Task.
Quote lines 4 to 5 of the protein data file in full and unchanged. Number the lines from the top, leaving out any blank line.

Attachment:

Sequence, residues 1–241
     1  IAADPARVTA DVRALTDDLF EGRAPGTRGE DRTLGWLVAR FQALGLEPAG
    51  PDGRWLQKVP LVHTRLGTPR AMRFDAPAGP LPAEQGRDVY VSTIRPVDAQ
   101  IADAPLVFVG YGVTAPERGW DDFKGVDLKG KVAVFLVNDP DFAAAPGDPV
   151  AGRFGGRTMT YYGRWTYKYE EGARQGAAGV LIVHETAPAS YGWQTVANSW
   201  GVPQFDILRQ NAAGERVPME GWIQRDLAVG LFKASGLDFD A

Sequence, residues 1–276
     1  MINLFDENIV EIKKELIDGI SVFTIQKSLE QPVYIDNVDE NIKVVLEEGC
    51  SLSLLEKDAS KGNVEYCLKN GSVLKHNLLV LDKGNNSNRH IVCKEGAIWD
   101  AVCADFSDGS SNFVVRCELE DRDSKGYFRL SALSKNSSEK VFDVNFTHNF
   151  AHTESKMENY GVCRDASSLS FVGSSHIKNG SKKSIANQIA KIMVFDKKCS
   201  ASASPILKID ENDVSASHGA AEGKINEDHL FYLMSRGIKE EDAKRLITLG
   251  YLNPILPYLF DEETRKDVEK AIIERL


   101  IADAPLVFVG YGVTAPERGW DDFKGVDLKG KVAVFLVNDP DFAAAPGDPV
   151  AGRFGGRTMT YYGRWTYKYE EGARQGAAGV LIVHETAPAS YGWQTVANSW